The number of flights to the Caribbean will be cut by British Airways due to the rise of Air Passenger Duty tax. They will however be adding extra flights to Florida which although is not far away geographically does have 20 per cent lower APD.
British Airways have called for the government to scrap this unfair tax which sees UK travellers paying more than anywhere else and they say it’s a ‘destructive tax juggernaut’ and says the UK tourism industry suffers from the ‘heaviest tax burden in global aviation’.
Because of the way the tax system works BA have reduced the flights to the Caribbean because its expected that with higher charges less people will be travelling there. For example; a family of four of flying in economy class from the UK to the Caribbean pay £300 in APD whilst the same to Florida would only cost £240 in APD.
According to BA the amount paid in the UK is more than double what a family from Germany would pay and those travelling from France would only have to pay just £15. 22 of the EU countries don’t even charge travellers aviation tax so it’s not like legislation imposed by EU that is causing these high prices.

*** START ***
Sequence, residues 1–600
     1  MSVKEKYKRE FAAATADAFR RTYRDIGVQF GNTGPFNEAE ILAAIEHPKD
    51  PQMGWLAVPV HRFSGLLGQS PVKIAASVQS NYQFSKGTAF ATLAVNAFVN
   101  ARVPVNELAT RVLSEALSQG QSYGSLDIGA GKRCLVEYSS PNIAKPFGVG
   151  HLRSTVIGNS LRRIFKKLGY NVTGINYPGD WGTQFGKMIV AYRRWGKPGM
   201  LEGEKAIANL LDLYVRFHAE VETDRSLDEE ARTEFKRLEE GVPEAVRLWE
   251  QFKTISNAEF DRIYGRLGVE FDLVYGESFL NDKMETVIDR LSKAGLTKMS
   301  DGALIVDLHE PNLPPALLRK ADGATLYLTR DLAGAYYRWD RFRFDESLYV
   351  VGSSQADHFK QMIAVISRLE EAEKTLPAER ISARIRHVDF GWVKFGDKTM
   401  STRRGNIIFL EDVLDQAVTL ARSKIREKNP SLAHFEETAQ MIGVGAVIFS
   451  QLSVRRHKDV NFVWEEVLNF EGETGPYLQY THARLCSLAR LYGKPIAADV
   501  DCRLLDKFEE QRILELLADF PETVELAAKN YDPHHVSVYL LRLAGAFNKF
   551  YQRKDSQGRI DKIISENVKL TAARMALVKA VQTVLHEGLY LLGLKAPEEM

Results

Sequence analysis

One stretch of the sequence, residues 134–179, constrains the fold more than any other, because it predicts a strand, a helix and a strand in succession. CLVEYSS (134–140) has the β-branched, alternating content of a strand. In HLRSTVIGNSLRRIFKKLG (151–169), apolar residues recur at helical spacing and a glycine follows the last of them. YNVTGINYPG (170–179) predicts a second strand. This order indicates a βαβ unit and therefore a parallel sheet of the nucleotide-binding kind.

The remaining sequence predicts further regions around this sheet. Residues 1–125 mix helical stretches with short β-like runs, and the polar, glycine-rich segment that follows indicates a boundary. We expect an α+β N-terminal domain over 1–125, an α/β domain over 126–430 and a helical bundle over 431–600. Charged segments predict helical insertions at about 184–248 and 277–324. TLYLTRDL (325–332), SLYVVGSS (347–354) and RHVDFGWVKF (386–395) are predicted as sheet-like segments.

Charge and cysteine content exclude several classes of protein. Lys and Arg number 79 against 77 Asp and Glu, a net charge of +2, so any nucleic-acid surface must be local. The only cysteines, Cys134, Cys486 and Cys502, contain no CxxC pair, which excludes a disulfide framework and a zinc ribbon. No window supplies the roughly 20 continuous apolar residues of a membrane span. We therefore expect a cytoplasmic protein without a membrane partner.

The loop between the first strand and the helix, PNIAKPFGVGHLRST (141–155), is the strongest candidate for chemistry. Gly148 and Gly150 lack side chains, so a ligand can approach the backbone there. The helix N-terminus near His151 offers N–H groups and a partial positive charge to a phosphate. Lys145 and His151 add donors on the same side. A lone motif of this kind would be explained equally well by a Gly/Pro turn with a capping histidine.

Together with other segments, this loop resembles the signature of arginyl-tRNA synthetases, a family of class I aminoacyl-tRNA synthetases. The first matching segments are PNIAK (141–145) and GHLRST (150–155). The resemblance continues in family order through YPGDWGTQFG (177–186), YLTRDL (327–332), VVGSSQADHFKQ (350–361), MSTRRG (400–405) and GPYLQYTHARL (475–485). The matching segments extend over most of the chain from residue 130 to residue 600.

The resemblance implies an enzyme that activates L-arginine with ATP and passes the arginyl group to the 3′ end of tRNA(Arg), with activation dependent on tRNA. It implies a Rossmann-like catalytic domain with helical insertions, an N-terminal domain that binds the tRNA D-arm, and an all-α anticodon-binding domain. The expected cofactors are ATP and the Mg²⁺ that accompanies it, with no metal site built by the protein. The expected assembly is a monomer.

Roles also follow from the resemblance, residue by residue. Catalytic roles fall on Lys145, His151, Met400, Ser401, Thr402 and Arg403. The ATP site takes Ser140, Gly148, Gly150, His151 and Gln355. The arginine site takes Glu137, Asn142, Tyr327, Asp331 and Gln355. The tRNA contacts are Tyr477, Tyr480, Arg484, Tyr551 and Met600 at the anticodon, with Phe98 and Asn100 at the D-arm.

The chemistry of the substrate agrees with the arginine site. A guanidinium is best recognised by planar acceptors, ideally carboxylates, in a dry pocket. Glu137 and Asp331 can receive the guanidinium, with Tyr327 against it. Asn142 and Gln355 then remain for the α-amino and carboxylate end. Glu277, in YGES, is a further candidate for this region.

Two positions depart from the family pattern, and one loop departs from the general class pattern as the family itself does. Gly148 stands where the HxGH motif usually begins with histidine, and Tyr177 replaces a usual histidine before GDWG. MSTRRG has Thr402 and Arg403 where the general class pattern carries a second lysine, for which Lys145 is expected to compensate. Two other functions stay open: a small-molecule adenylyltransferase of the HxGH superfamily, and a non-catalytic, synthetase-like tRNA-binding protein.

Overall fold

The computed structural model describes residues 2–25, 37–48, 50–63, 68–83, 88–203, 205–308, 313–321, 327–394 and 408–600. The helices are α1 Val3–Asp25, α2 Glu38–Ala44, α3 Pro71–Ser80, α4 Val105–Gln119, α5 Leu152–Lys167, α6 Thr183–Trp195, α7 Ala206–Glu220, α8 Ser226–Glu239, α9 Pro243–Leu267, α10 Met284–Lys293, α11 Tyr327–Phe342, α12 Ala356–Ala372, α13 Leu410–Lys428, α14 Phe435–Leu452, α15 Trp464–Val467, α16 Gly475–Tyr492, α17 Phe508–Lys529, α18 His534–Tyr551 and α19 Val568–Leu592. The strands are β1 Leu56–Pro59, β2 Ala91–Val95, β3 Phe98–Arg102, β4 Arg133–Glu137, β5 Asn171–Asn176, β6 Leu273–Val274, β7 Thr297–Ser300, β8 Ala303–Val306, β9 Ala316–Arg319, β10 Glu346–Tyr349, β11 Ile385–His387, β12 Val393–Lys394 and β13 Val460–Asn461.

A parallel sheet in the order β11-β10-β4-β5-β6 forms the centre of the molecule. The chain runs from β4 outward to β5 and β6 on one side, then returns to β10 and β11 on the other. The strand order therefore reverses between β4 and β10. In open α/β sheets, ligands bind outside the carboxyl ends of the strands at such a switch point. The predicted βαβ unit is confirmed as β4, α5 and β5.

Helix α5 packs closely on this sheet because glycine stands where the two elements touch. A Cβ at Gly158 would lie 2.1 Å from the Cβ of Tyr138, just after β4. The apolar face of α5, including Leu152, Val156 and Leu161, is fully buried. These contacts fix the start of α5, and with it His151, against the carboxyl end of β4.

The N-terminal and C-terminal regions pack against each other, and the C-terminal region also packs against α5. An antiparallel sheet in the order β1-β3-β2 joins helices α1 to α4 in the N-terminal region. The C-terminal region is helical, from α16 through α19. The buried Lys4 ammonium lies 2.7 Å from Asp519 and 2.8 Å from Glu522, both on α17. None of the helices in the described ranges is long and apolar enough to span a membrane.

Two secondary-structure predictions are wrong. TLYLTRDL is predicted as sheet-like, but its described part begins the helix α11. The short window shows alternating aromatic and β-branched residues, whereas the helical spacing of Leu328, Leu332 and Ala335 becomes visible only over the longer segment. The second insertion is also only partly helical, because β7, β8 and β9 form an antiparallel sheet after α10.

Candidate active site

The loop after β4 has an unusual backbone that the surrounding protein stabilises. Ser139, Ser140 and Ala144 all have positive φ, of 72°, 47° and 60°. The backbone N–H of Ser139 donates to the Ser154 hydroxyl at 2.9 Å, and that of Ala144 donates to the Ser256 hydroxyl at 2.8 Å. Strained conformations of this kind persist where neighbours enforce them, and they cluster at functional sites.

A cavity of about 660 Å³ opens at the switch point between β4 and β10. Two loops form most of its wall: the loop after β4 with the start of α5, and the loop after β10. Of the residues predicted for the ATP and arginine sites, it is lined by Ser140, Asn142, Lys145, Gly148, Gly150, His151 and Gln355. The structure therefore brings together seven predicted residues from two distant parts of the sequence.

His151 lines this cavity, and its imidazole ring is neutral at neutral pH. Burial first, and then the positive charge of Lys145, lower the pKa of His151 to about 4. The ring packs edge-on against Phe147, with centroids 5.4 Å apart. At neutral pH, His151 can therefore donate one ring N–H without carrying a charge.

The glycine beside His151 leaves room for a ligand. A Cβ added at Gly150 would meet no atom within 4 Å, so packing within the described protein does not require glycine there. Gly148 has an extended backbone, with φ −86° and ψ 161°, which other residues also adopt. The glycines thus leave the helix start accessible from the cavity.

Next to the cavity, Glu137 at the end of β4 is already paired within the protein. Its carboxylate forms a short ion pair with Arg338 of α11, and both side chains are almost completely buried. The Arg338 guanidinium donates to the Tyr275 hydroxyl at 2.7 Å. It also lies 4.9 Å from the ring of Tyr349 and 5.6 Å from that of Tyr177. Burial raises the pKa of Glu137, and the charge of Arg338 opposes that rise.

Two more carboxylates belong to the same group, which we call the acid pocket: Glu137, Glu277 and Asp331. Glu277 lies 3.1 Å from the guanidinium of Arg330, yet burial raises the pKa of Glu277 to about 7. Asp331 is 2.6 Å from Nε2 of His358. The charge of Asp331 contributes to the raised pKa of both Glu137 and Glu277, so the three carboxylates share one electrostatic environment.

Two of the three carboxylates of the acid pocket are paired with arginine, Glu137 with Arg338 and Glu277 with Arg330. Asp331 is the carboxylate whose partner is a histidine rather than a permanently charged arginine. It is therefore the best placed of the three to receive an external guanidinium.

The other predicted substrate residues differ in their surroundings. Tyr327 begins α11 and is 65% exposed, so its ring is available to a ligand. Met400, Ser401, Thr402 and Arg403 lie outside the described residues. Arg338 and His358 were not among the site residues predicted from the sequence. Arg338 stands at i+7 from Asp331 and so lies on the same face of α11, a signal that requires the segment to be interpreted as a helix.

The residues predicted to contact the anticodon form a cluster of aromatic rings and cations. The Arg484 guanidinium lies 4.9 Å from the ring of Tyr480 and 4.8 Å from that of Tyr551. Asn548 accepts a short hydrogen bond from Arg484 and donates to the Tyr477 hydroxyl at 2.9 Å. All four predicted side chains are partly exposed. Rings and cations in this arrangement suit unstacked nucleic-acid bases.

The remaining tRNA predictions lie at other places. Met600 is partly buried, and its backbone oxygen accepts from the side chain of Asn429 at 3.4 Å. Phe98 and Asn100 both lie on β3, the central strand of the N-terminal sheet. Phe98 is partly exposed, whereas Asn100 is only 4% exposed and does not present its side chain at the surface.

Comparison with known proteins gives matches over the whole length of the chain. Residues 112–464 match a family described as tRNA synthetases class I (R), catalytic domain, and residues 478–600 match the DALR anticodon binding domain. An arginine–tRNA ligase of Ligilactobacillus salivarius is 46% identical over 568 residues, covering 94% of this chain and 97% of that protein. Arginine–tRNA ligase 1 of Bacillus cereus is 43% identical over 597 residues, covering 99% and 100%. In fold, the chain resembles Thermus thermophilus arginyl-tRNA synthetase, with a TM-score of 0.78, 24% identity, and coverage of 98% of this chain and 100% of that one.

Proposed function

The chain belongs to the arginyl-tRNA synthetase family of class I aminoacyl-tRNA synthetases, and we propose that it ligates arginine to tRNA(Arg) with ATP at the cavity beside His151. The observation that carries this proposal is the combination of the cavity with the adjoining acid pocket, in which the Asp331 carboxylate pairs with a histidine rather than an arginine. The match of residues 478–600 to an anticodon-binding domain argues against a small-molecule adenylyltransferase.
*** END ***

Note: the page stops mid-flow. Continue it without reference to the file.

The Caribbean is worst hit because of the way the system works, countries are placed into band for the taxation and this is based on how far away the capital is from the UK. So travelling to the US to places like Florida or Hawaii is cheap even though further away, because Washington is closer to the UK passengers are charged less.
During the Caribbean Tourism Organisation (CTO) annual conference in St Maarten British Airways CEO Keith Williams told delegates that the strict tax regime was ‘jeopardising routes to the Caribbean’.
He said: “The Caribbean is a very important destination for us and we have a long and proud heritage of serving the region. However, we can’t deny the reality that demand is not as high as it has been. Taxation is most certainly a factor in this and sadly, a factor in our decision to reduce our frequency to the Caribbean next summer. It is no coincidence that our reduction in the number of services to the Caribbean is accompanied by a rise in services to Florida – another desirable holiday destination for UK sun-seekers, and a destination that is taxed at a rate 20 per cent less than the Caribbean.”
At the moment the government is conducting a review on APD with the results coming out in November however no one in the industry is sure there will be any reduction.